In particular ,these authors state that certain products might be more appropriate for one channel or another, which ultimately influences consumers channel preference and choice. 2.7 Quality It is our aim to provide the best product for the consumer and we believe that if the products have quality the consumer will pay the price, says Amal pramanic, regional business director .Oral-B 2.8 Packaging Packaging establishes a direct link with the consumers at the point of purchase as it can very well change the perceptions they have for a particular brand. A product has to draw the attention of the consumers through an outstanding packaging design. Earlier packaging was considered only a container to put a product in, but today, research in to the right packaging is beginning at the product development stage itself.

Packaging innovation has been at the heart of Daburs attempt to rap with the urban consumers. It spends large sums annually on packaging research.-We have been laying emphasis on aesthetics, shelf appeal and convenience for consumer says Deepak Manchandra, manager packaging development 2.9 Promotion The greatest challenge faced by companies today is holding and increasing their market share and value. This is always a strenuous exercise and one of the tools for the same is marketing. There is no specific game rule available for using these marketing tools .The reason is: each promotional tool has its own characteristics. 2.10 Familiarity with a channel Consumers familiarity with a channel is a measure of the general experience they have with purchasing products through specific channels (i.e.. catalog, internet, and bricks-and-mortar retailer).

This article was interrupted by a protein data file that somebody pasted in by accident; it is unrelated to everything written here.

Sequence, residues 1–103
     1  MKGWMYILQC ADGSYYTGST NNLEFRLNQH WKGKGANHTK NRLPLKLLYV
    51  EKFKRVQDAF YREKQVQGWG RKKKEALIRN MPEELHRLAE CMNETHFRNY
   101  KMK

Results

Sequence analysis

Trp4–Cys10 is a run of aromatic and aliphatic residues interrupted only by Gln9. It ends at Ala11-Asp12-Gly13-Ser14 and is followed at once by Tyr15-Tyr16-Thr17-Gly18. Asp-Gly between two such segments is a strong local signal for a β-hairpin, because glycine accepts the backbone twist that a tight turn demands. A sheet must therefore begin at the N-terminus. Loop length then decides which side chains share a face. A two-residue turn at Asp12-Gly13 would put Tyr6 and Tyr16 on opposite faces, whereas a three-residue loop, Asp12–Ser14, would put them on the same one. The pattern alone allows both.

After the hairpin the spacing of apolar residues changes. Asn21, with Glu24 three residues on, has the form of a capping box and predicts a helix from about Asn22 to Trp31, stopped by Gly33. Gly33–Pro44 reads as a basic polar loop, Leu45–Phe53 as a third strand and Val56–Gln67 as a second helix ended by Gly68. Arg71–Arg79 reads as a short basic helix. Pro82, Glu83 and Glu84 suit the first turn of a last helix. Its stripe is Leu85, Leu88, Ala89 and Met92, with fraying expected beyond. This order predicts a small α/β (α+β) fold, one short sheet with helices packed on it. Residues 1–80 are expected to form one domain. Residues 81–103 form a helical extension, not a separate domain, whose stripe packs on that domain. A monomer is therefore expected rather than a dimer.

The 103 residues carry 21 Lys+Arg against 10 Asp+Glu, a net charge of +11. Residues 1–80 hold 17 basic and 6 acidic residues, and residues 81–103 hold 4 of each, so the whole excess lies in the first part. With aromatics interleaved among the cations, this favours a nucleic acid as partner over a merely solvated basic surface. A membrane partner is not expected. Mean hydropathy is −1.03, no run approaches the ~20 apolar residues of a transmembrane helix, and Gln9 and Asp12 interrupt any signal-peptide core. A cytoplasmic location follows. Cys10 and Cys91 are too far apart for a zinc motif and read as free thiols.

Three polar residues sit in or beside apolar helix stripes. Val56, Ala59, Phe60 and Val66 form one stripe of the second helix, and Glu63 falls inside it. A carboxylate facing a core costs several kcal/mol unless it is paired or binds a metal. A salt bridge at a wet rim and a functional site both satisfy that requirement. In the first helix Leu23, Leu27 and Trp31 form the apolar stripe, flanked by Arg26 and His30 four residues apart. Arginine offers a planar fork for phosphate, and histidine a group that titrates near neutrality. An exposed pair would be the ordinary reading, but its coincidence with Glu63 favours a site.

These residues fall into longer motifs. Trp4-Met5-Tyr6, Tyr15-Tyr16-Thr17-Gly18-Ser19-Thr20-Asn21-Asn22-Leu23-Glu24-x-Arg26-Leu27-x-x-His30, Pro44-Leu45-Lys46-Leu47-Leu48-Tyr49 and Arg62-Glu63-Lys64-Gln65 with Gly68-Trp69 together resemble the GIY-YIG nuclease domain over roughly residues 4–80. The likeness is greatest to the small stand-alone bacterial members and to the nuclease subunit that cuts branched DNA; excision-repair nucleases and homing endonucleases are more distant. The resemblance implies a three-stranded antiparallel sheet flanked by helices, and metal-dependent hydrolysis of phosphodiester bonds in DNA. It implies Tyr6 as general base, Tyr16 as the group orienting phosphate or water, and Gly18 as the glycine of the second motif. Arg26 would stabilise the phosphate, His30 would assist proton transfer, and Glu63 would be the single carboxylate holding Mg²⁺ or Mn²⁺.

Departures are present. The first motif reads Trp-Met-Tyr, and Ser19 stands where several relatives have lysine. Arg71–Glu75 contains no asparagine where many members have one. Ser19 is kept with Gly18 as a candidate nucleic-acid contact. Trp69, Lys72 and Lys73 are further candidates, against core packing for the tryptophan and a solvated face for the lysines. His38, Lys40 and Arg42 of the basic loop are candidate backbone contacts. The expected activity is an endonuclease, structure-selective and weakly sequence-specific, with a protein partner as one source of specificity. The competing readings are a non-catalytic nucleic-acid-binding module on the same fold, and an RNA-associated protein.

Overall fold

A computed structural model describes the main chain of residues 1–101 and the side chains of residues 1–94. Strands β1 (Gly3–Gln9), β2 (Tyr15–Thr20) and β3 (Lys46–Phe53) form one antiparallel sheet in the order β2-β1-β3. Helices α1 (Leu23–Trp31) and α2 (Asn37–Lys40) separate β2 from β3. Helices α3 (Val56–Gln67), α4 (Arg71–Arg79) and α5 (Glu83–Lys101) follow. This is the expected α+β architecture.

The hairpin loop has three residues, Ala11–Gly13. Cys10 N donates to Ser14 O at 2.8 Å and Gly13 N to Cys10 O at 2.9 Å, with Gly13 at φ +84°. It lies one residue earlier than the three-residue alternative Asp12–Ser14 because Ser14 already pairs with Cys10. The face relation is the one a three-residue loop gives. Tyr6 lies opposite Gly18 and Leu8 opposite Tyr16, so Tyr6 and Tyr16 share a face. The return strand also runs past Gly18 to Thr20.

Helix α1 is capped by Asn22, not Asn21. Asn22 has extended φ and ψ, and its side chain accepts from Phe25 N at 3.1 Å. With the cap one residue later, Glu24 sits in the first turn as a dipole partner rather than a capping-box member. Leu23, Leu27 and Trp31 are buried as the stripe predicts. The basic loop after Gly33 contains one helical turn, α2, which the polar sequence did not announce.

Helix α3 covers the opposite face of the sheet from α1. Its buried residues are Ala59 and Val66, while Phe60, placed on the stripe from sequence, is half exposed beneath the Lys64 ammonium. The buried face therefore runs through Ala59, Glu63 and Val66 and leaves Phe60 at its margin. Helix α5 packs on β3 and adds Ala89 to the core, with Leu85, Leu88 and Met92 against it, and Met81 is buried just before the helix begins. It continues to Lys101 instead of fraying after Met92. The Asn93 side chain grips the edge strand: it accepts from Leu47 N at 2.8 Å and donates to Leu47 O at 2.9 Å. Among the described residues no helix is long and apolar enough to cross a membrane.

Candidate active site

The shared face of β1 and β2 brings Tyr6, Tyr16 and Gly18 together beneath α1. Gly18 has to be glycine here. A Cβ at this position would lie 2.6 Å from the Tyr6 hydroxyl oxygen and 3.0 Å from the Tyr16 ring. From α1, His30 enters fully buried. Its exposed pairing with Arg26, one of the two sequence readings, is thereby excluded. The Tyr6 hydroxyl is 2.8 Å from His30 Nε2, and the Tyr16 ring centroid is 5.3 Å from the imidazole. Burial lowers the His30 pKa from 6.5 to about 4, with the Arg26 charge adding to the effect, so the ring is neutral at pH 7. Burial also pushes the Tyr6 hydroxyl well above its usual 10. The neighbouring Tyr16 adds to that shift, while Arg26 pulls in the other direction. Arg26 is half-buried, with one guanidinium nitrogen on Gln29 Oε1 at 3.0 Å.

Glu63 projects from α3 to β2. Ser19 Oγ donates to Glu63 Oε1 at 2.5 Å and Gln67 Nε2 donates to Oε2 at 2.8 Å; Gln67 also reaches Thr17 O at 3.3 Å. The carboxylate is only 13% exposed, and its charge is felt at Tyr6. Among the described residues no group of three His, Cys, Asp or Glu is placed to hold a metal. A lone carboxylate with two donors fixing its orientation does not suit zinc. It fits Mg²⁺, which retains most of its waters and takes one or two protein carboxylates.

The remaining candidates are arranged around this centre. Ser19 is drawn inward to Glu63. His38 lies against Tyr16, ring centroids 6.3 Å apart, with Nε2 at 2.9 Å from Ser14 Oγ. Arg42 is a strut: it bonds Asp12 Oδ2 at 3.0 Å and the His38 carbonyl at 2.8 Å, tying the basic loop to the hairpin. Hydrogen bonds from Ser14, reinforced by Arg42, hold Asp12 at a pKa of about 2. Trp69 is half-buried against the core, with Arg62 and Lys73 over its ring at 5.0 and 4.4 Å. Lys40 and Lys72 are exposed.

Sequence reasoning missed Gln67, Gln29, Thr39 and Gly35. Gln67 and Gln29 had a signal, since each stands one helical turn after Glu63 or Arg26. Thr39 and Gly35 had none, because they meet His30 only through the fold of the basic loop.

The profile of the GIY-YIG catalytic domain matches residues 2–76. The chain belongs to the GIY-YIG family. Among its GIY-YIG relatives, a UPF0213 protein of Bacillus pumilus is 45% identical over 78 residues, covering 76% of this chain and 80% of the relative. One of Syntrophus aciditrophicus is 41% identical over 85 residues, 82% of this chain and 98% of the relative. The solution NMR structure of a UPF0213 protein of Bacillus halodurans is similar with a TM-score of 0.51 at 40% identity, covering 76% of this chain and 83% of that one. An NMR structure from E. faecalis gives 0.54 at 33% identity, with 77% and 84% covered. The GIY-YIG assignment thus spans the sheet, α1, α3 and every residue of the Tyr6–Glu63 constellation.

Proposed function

Through frequent use consumers should become accustomed to using the channel, which reduces their apprehension and anxiety in purchasing products through the channel. 2.11 Brand Awareness According to Rossiter and Prey (1987), brand awareness precedes all other steps in the buying process. A brand attitude cannot be performed, unless a consumer is aware of the brand. In memory theory, brand awareness is positioned as a vital first step in building the bundle of associations which are attached to the brand in memory (Stokes, 1985). 2.12 Family influence A family exerts a complex influence on the behaviors of its members.

Prior family influence research has focused on intergenerational rather than intergenerational influence in consumer generationalisation. As has been compellingly demonstrated, parents influence children (Moore, Wilkie, and Lutz2002; Moschis 1987).Yet, consumption domains clearly exist where sibling efforts may also be exerted 2.13 Shopping motives Shopping motives are defined as consumers wants and needs as they relate to outlets at which to shop. Two groups of motives, functional and nonfunctional, have been proposed by Sheth (1983). Functional motives are associated with time, place, and possession needs and refer to rational aspects of channel choice. Whereas nonfunctional motives relate to social and emotional reasons for patronage. The functional motives included: convenience, price comparison, merchandise assortment. The nonfunctional motives entail: recreation.